The Assessment of Malingering

“There were no real demons, no talking dogs, no satanic henchmen. I made it all up via my wild imagination so as to find some form of justification for my criminal acts against society” [“Son of Sam” serial killer David Berkowitz].

Deception is a frequent behaviour that occurs in day to day life. In the setting of the doctor-patient or lawyer-client relationship, self-disclosure is rarely complete and accurate and individuals are selective about how much they share with others.

Malingering has been defined by the American Psychiatric Association as “the intentional production of false or grossly exaggerated physical or psychological symptoms, motivated by external incentives”. Malingering itself is not considered to be a form of mental illness or psychopathology but although it can occur concurrently with mental illness.

According to DSM-IV-TR, malingering should be strongly suspected if any combination of the following factors is noted to be present: (1) medico-legal context of presentation; (2) marked discrepancy between the person’s claimed stress or disability and the objective findings; (3) lack of cooperation during the diagnostic evaluation and in complying with the prescribed treatment regimen; and (4) the presence in the patient of antisocial personality disorder (ASPD). However, criticism has been levelled against this criteria and some have suggested that they result in a misclassification rate of over 80%.

The distinction between malingering, factitious presentations and feigning is not always well understood. In contrast to malingering, factitious presentations are characterised by the intentional production or feigning of symptoms that is motivated by the desire to assume a “sick role”. Feigning is the deliberate fabrication or gross exaggeration of psychological or physical symptoms without any assumptions about its goals.

Malingering is important from a clinical and medico-legal perspective. In my own clinical practice, it is not uncommon to [...]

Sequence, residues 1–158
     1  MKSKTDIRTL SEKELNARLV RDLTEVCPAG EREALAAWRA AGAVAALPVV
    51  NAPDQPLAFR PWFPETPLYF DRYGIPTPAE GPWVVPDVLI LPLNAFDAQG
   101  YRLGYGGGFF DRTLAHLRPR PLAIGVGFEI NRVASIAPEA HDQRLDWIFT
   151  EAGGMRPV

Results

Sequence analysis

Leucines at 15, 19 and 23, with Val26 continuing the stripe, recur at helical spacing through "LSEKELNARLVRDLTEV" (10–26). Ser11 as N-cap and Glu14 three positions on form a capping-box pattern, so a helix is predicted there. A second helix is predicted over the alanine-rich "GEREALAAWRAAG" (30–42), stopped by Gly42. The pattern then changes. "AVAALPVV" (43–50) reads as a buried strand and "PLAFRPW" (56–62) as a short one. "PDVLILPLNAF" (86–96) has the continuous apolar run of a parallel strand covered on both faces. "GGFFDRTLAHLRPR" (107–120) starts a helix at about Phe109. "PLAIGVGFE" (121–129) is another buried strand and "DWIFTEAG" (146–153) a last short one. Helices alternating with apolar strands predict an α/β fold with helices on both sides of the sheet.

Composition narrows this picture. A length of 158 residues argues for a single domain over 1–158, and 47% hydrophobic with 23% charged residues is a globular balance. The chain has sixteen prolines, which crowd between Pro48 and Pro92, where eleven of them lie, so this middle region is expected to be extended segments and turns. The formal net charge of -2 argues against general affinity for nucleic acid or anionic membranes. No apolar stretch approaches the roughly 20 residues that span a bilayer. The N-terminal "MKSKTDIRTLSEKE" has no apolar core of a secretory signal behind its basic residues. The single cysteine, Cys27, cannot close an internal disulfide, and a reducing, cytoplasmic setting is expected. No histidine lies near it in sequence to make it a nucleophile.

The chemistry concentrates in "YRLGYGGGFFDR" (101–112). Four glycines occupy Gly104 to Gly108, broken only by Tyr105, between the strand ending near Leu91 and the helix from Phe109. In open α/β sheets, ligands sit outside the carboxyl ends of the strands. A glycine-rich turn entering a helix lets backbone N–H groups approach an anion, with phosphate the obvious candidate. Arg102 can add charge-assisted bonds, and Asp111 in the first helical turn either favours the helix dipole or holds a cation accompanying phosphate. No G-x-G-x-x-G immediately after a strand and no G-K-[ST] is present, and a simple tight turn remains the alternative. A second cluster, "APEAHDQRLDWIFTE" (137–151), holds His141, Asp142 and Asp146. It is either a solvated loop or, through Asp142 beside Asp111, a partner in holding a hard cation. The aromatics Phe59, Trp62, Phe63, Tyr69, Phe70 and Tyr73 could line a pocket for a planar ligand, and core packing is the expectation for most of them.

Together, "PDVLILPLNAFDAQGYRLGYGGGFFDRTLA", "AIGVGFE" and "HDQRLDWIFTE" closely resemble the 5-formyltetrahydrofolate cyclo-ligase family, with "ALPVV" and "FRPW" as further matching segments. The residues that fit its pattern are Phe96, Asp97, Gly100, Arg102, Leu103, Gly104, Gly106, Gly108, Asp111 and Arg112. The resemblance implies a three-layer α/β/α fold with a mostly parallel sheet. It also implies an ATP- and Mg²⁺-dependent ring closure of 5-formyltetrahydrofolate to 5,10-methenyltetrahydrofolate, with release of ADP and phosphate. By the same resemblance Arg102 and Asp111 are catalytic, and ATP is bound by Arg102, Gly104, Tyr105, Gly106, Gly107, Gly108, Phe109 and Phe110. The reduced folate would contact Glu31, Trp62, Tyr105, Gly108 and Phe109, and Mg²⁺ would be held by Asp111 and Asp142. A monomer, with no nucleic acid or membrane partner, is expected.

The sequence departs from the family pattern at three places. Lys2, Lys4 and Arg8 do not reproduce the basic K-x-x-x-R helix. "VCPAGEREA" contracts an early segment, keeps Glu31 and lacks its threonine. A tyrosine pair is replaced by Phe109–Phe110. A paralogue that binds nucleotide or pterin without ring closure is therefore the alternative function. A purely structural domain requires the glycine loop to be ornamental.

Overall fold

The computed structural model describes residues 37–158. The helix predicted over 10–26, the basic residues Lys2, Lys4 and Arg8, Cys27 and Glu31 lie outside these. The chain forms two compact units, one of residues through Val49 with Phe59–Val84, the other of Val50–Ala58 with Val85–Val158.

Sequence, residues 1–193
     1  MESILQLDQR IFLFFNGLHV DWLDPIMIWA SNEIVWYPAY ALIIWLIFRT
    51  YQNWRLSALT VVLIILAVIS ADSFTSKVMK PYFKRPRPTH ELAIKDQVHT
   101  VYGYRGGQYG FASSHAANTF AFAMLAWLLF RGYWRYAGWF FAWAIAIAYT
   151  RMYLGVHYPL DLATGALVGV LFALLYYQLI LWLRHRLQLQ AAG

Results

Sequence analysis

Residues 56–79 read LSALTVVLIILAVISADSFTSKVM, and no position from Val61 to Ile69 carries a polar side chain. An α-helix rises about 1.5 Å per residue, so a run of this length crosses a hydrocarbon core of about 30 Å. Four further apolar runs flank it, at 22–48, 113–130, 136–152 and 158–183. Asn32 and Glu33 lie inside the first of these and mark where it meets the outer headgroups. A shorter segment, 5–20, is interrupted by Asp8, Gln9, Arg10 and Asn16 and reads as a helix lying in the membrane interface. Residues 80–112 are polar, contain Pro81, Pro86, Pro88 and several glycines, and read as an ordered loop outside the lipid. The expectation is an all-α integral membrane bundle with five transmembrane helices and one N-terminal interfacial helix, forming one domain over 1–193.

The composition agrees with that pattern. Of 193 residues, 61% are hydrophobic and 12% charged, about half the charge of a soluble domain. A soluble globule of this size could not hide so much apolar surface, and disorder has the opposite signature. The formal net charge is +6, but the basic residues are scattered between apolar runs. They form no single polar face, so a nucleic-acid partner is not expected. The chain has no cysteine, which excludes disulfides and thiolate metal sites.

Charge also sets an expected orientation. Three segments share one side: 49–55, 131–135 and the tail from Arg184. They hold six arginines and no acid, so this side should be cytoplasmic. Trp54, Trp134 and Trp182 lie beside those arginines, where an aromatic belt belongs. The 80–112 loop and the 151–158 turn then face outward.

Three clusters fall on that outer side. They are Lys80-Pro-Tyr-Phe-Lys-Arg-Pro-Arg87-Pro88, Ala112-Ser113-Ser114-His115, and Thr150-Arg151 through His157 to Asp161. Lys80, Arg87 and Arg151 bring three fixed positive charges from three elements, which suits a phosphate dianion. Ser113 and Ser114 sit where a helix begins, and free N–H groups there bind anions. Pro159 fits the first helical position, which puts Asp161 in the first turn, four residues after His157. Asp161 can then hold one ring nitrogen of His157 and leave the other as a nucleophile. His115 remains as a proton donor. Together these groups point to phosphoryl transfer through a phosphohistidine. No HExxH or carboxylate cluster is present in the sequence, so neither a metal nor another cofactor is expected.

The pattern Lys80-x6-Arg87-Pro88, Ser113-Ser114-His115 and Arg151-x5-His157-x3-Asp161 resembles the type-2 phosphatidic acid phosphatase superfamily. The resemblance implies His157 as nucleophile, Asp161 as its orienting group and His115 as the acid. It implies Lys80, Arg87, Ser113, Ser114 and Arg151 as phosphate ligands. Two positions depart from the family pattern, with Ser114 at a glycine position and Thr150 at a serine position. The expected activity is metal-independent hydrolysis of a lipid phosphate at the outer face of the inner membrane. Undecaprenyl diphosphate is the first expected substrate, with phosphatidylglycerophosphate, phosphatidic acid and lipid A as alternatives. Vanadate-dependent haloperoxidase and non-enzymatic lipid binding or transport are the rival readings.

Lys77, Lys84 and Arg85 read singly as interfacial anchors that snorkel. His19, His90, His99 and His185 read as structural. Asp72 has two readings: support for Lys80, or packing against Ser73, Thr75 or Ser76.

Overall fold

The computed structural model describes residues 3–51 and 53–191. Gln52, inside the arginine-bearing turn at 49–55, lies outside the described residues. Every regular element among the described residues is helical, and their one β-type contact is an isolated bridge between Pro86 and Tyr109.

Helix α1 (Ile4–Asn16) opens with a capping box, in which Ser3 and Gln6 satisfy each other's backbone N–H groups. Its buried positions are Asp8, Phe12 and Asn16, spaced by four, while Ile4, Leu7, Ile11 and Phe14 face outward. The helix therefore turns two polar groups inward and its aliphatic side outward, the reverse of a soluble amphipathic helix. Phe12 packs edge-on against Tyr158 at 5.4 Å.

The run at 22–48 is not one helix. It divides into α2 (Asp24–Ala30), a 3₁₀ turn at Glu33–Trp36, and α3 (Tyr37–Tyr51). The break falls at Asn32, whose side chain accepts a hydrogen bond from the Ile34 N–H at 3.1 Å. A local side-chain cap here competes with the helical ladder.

Mental Health Act: Nature or Degree of Mental Disorder

The Mental Health Act attaches great significance to the “nature or degree” of mental illness.  Any psychiatrist who has ever appeared before the First Tier Tribunal will be well aware of the importance of these terms in the Tribunal’s decision making.

In broad terms, ‘nature’ is the course of a disorder and the consequences of it while ‘degree’ is the presentation at that point in time.

The Explanatory Notes for the Mental Health Act 2007 note that “Case law has established that “nature” refers to the particular mental disorder from which the patient is suffering, its chronicity, its prognosis, and the patient’s previous response to receiving treatment for disorder. “Degree” refers to the current manifestation of the patient’s disorder (R v Mental Health Review Tribunal for the South Thames Region ex p. Smith [1999] C.O.D. 148).”

When undertaking assessments under the Mental Health Act in the community, in some cases the patient appears to be symptom free and there is little evidence of ‘degree’.  However, in some cases it is necessary to rely on the ‘nature’ of the disorder, particularly where there is an established diagnosis and where there would be risk to the patient or others if they were not treated.  Commenting on this very issue, Lady Justice Hale, said, “There are of course mental illnesses which come and go, but where there is a chronic condition, where there is evidence that it will soon deteriorate if medication is not taken, I find it impossible to accept that that is not a mental illness of a nature or degree which makes it appropriate for the patient to be liable to be detained in hospital for medical treatment if the evidence is that, without being detained in hospital, the [...]